What does a letter buried in an Indiana archive have to do with questions about staying in Mennonite Church USA today? Quite a bit, I’d argue. The letter, which I found in our denominational archives eight years ago, reveals that some of the earliest Virginia Mennonite leaders believed in the value of a church-wide association of congregations. Upon finding the letter, I had a little party of one by the copying machine in the lobby. Since then, I’ve discovered more stories confirming that in each era, Virginia leaders have spoken for, written about, and defended the value of staying with the denomination. Please consider these brief vignettes that I think provide significant direction for today.
1853: That thin and yellowed letter in the Indiana archive came from the pen of Virginia Mennonite Bishop Martin Burkholder. Thirty-six, he wrote a letter to a Pennsylvania Bishop friend, and asked that he and other ministers in Lancaster Conference consider helping him create a general conference of Mennonites. Burkholder and Bishop Samuel Shank Sr. made several circuit trips to Pennsylvania, Ohio, New York, and Canada, asking for a general conference to be formed, but to no avail. After Bishop Martin Burkholder passed away a few months before the Civil War began, it would be decades until his vision for a Mennonite association of area conferences came into being. The great irony of my search in libraries and archives along the east coast, and then finding the letter in Indiana, 157 years after it was written in the Shenandoah Valley, is that having a national archive is one outstanding rationale for staying with a denomination long term.
1897: A year before the Mennonite Church got organized in 1898, Virginia Bishop Lewis J. Heatwole traveled to Elida, Ohio, for preliminary meetings. He and other ministers like Christian Good and Samuel M. Burkholder went to see what was happening, and to report back to leaders in Virginia. L. J. Heatwole faithfully traveled to the early meetings of the Mennonite Church, and kept Virginia Conference informed about wider church developments. With L. J. Heatwole’s clear leadership toward participating, Virginia Conference joined the Mennonite General Conference in 1911.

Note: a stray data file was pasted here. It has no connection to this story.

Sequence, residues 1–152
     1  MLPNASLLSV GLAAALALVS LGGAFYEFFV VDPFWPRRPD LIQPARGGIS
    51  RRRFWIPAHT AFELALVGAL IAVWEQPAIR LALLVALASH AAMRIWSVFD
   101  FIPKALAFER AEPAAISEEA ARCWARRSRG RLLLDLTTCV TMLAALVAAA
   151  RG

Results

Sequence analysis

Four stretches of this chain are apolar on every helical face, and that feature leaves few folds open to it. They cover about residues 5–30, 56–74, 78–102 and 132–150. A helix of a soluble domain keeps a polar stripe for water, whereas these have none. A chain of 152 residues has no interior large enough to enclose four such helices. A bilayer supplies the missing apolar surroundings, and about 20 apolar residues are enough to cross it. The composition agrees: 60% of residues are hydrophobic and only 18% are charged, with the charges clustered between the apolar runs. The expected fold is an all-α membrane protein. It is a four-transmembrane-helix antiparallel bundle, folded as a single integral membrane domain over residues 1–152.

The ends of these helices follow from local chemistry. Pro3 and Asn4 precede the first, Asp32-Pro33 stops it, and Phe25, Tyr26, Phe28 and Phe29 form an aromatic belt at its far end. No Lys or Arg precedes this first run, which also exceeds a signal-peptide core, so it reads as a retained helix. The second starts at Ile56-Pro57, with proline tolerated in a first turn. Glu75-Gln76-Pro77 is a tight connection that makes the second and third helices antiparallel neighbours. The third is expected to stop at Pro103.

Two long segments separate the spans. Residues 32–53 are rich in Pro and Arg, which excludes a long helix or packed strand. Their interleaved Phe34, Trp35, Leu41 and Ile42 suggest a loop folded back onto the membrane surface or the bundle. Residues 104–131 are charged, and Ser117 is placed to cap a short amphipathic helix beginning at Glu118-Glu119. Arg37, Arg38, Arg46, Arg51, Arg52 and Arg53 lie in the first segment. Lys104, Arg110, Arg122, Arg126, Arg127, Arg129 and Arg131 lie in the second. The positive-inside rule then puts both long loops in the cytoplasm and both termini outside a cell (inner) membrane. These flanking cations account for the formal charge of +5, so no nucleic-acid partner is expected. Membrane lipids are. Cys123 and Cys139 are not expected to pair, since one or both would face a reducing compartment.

1919: When Virginia Mennonite Conference met a year after World War I ended, it adopted eighteen fundamentals of faith. Conservative in nature, the articles were adopted, almost word for word, two years later by the Mennonite Church. Virginia Conference’s action, adopted at my home congregation in Broadway, Virginia, October 18, 1919, held significant influence and sway on the Mennonite Church for nearly two generations.
1942: When critical ministers urged Virginia Conference to leave the Mennonite Church during WWII, Bishop John L. Stauffer reacted strongly. Though some thought the broader church had become too liberal, Stauffer stated that Virginia needed to stay and not leave. Bishop Stauffer, then President of Eastern Mennonite College, had significant church wide experience, and he urged the Conference to stay in the denomination. Stauffer’s voice, along with others, won the day.
1981: Ruth Brunk Stoltzfus waited patiently to speak at the Mennonite Church Convention in Bowling Green, Ohio. The hot topic was whether women could be involved in ministry. Her speech at an open microphone stirred many, and helped to create action in the direction of accepting women in leadership. Virginia Bishop Glendon Blosser ably and gladly served as Moderator at the 1981 Bowling Green Conference, the seventh of eleven Virginia Mennonite leaders to serve as moderator of the denomination.
1997: My wife and I took our family to Orlando, Florida, for the Mennonite Church General Assembly in the summer of 1997. While our three young children enjoyed the fun times for kids and we soaked up the Florida warmth, I served as a delegate from Virginia Conference. We took our kids to Disneyland after the Mennonite Church made proactive plans to integrate with the General Conference. Owen Burkholder, from Harrisonburg, served in 1997 as both denominational moderator and as Virginia Conference minister, the lead executive staff position.
2019: Today’s issues are different than in the past, but in other ways quite similar. I teach history and Bible to descendants of Bishop Martin Burkholder, whose letter I found in Indiana. I try to help them understand the high value their ancestor held in organizing a general conference. Further, I will take a bit of Bishop Burkholder’s spirited vision with me when I serve as a delegate at the 2019 Mennonite Church USA Convention in Kansas City. My reading of Virginia Mennonite Conference history is that at each turn in the road of divisive issues, key leaders in Virginia Conference have spoken in favor of participation in the wider denomination. Such is the direction I would urge today.